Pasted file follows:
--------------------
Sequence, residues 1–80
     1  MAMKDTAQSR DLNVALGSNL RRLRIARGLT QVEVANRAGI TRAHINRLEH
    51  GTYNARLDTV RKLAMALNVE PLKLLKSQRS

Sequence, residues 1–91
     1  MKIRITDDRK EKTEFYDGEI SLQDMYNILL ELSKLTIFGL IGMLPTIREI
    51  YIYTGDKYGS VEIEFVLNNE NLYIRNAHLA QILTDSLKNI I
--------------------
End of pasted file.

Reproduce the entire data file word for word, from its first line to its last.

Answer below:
Sequence, residues 1–80
     1  MAMKDTAQSR DLNVALGSNL RRLRIARGLT QVEVANRAGI TRAHINRLEH
    51  GTYNARLDTV RKLAMALNVE PLKLLKSQRS

Sequence, residues 1–91
     1  MKIRITDDRK EKTEFYDGEI SLQDMYNILL ELSKLTIFGL IGMLPTIREI
    51  YIYTGDKYGS VEIEFVLNNE NLYIRNAHLA QILTDSLKNI I